In a small, but musical, community a pick up orchestra performed Beethoven's Seventh Symphony. It's a difficult work for even the most esteemed orchestras, what with its lack of clean, clear solos, spice-less phrasing, and the preponderance of multimeasure notes.
The work is forged from four movements actually praised for their dance attributes,...
I know, pssh...
figure 1: Beethoven composing a symphony. And saving the universe from, oh, let's say Juggernaut?
But what does it mean?
...meaning it’s nearly impossible not to shake your head or sway at some point.
That actually sounds true.
The grandly dark second movement even lends itself to headbanging, if you’re channeling ‘80 rock culture.
figure 2: The perfect analogy.
The woodwinds gifted the piece with clean, clear solos, and the flutes shot deliciously peppery phrases into the third movement. Its ubiquitous timpani sounded like loads more fun to play than it must have been. What's not to like about that description about the otherwise bland, yet arduous 7th symphony.
A dozen violins and about nine of the lower-registers were making lush music, throwing phrases from upper to lower and holding a marathon multimeasure note behind the other sections in the final movement.
In case that was unclear, the lush throwing music is right after the end of the beginning of the middle.
The secondary theme of the Second Movement seemed to pose a few challenges in tone for the violins. Still, this section sailed through the treacherous finale so nimbly and happily the uninitiated would never know this isn’t a standing orchestra with a full schedule.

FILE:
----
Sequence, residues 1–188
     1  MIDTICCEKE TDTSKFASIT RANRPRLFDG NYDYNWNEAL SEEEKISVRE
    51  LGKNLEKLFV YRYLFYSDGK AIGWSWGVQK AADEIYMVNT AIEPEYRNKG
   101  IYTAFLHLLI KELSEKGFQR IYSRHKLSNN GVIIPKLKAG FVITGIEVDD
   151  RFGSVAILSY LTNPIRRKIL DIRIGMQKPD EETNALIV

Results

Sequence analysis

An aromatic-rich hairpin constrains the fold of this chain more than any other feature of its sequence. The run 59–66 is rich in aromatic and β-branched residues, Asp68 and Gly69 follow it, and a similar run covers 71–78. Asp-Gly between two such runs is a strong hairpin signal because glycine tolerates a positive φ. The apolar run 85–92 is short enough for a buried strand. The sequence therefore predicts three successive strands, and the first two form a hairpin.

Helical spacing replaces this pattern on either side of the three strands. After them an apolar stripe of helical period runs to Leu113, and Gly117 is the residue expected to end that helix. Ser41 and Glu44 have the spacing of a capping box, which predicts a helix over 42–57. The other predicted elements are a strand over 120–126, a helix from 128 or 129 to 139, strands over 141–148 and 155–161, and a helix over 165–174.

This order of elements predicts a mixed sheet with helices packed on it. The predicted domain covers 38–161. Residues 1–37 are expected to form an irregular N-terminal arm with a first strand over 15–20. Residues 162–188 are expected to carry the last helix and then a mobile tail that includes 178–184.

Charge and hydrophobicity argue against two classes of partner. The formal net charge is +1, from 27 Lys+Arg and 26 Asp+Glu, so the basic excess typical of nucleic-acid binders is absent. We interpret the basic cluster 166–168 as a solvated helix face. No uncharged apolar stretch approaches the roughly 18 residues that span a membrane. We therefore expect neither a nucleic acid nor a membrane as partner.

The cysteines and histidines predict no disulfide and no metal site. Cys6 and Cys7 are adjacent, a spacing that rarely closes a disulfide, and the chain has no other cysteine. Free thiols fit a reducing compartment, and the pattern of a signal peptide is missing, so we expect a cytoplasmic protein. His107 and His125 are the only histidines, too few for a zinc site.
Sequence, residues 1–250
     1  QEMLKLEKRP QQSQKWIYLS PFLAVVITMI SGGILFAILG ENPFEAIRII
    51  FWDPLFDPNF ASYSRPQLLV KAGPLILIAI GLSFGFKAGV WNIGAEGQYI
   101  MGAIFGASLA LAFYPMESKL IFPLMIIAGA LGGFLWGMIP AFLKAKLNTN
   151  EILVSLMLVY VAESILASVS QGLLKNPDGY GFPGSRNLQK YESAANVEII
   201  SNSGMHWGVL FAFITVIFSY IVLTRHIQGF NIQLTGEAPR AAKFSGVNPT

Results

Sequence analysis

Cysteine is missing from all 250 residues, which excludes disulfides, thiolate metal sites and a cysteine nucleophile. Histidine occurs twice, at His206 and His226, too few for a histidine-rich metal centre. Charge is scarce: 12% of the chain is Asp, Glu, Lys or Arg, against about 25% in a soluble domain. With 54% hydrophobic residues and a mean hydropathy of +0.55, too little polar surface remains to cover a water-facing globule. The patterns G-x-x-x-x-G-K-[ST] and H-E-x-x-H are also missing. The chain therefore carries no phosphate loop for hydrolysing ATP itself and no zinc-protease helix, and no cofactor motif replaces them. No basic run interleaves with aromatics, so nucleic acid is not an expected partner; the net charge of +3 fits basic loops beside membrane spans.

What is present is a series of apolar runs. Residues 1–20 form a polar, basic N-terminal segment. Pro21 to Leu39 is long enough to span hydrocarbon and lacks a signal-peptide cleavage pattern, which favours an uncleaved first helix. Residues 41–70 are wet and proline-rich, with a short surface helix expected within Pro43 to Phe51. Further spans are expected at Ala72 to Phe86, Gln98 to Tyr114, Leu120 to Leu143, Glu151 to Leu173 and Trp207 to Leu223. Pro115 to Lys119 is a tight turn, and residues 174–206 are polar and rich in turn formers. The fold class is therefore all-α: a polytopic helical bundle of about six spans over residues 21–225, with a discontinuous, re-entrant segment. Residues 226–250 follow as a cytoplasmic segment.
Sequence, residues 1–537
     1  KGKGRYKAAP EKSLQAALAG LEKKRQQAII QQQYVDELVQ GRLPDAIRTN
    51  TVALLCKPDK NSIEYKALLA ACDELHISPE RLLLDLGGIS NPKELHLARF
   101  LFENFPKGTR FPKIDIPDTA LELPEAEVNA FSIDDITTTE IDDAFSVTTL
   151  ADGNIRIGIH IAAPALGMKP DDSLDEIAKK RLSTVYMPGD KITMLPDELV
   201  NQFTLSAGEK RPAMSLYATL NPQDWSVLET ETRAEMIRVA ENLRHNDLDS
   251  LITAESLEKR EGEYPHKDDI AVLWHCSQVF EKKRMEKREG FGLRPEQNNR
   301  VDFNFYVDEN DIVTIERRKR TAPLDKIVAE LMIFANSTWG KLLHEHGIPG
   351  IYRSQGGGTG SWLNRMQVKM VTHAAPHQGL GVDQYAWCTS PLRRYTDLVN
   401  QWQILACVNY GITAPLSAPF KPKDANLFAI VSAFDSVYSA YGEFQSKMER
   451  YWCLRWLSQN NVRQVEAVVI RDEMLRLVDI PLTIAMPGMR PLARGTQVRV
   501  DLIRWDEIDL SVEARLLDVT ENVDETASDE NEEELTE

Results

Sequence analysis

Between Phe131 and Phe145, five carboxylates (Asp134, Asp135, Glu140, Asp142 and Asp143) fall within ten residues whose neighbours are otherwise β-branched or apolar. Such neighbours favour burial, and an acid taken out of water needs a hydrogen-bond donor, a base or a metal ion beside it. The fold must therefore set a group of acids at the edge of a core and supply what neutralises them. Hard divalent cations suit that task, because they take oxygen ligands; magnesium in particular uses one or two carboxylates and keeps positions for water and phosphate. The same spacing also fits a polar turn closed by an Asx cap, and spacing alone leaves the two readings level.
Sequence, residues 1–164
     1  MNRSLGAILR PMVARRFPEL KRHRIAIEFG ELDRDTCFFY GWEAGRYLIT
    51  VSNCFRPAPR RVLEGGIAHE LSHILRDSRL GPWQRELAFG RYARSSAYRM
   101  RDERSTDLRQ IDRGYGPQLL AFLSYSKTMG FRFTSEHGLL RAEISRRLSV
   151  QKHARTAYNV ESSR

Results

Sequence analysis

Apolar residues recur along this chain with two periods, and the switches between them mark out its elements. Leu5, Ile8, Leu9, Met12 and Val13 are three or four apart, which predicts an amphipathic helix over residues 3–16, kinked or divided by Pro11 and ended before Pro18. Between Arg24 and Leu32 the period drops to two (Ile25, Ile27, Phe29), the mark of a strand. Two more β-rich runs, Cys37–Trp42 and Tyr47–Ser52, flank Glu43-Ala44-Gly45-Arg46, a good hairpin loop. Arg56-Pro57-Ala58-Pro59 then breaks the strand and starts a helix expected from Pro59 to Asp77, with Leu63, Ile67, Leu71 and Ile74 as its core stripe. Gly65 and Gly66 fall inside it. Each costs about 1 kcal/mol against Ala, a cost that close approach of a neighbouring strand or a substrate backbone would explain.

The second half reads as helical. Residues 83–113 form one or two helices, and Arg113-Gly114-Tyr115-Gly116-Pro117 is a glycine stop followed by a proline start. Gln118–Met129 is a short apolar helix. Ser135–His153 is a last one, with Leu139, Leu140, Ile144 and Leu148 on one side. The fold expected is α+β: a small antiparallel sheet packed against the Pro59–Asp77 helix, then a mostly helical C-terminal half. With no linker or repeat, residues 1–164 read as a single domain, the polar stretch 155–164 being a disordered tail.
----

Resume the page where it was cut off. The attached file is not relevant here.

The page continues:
figure 3: Happily the uninitiated would never know that he's not fingering a real chord.
Sounds like a pretty incredible performance. And for a pick-up orchestra! Is there some sort of outrageous claim you can make that will perfectly sum it all up? We have heard this symphony live three times in the last four seasons — once from the Los Angeles Philharmonic — and this stands with the best of them. Of course it does. --------------------------------------------------------------------------- Do yourself a favor and read the entire article which includes gems like "...and each of its parts deserves to be savored, if only for 10 seconds, in our mental echo chambers."
The task of the music critic is difficult, far beyond mere description and assessment. Yet, when those fail, the rest fails. As the public’s first line of reception and dissemination, critics have a double responsibility, to both the public and to the musical community at large. The deleterious effects of mischaracterization and prejudice (or laziness) contribute to a “classical” stereotype that is wholly incongruent with the reasons we continue to believe in and love the music we love. To seek correction is only natural.
We understand that the role of today’s critic is rapidly changing. Through humor and snark, we seek to provide a dialog, at once humbling, amusing and inviting, out of which may emerge positive critical perspectives and alliances that can benefit the health of our beloved musical climate.
We would not be of use, dear Detritusites, without your thoughtful comments, retorts or corrections. So please take part in our experiment.